Over and over again in the gospels, we see Jesus clearly moved by people’s faith in him. In Matthew 8:5-13, Jesus was amazed at the ‘great faith’ of the Roman Centurion. In Mark 6:1-6, we find Jesus equally amazed at folks from his hometown but on this occasion, it was at their lack of faith! As we come to the fourth and the last record of Jesus’ exorcisms in Mark 9:14-29, we see another example of this.
When Jesus, Peter and James returned to the other disciples after their ‘mountaintop’ experience, they found them in heated discussions among themselves and with the teachers of the law. Mark doesn’t tell us the ‘what’ of their argument but he does tell us the ‘who’ of their argument. It involves a father whose son is rendered mute by an evil spirit. Other symptoms include seizures and convulsions. The devastated and desperate father had brought the boy to the disciples for prayer and deliverance but they could not cast the evil spirit out of the boy.
The disciples’ (and the crowd’s) unbelief dismayed Jesus deeply to which he said, “O unbelieving generation …how long shall I stay with you? How long shall I put up with you? Bring the boy to me” (Mark 9:19). The boy’s father hanging on to what little faith he has, entreats Jesus, “But if you can do anything, take pity on us and help us!”. Garland explains the implied skepticism in the man’s plea well: “His plea reveals that he does not doubt that Jesus would like to do something if he could, but he is uncertain whether Jesus can prevail in such a pernicious case”. His response draws a sharp rebuke from Jesus, “If you can?…Everything is possible for him who believes” (9:23). Jesus’ statement however as Garland writes, “…does not mean that faith can accomplish anything but that those who have faith will not set limits to the power of God”.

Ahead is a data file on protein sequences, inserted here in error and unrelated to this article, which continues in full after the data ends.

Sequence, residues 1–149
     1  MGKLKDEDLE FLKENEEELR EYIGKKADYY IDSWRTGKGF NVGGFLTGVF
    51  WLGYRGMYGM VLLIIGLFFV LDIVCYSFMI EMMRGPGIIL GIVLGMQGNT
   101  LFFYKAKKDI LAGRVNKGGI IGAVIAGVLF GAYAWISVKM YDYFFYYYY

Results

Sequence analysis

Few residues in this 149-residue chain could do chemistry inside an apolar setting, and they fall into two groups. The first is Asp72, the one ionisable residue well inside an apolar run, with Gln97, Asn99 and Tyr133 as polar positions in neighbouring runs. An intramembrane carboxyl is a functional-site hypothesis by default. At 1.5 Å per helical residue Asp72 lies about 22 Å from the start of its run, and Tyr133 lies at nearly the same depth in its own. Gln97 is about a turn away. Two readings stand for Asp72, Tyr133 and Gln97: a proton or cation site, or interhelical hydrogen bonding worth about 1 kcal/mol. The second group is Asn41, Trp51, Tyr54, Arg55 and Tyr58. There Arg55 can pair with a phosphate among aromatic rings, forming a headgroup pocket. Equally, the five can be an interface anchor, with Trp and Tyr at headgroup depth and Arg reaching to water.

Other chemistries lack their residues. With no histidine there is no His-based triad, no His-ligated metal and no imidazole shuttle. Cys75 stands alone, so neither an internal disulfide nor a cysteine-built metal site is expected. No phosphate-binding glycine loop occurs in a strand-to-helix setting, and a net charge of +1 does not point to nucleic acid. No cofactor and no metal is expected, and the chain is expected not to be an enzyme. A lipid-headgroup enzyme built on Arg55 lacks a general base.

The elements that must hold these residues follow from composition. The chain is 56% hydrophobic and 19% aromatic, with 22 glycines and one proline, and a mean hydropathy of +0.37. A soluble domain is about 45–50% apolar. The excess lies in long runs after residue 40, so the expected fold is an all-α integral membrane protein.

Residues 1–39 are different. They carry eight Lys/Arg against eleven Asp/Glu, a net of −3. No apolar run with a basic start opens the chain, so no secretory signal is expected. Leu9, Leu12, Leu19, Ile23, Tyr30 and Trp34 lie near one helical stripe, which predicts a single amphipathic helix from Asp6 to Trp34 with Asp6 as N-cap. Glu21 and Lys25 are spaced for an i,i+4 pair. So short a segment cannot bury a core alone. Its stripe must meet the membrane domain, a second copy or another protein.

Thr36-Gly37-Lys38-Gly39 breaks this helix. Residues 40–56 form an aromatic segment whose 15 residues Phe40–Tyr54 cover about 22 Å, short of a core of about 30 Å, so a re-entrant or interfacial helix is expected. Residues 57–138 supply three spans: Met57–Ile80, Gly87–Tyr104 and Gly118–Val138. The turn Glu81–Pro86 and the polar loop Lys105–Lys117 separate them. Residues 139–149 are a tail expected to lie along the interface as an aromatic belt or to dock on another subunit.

The boy’s father repents of his unbelief but is honest at the same time, “I want to believe Jesus but I don’t think I have the kind of faith that expects the impossible. Help me have that kind of faith!”. Jesus drives out the evil spirit from the boy and he is fully restored. The story ends with Jesus privately debriefing the disciples over their failures. Jesus’ explanation is simple: they failed because they had not prayed as they were too busy arguing among themselves and with the teachers of the law. Prayer and faith are intertwined. If we pray, then we must pray in faith. If we say we have faith, then prayer is the evidence. As A.J. Gordon said, “You can do more than pray after you have prayed but you cannot do more than pray until you have prayed”.
The state and health of our faith absolutely matters to Jesus because we are saved by grace through faith. It is the one who lives by faith who is righteous. That is why it is impossible to please God without faith. At the same time, Jesus gets our struggle with faith like the boy’s father. However, to remain in unbelief is not an option. Let’s be proactive in asking God to grow our faith in him, praying honestly the way the boy’s father did.
Coram Deo and have a week that’s ‘faith-full’!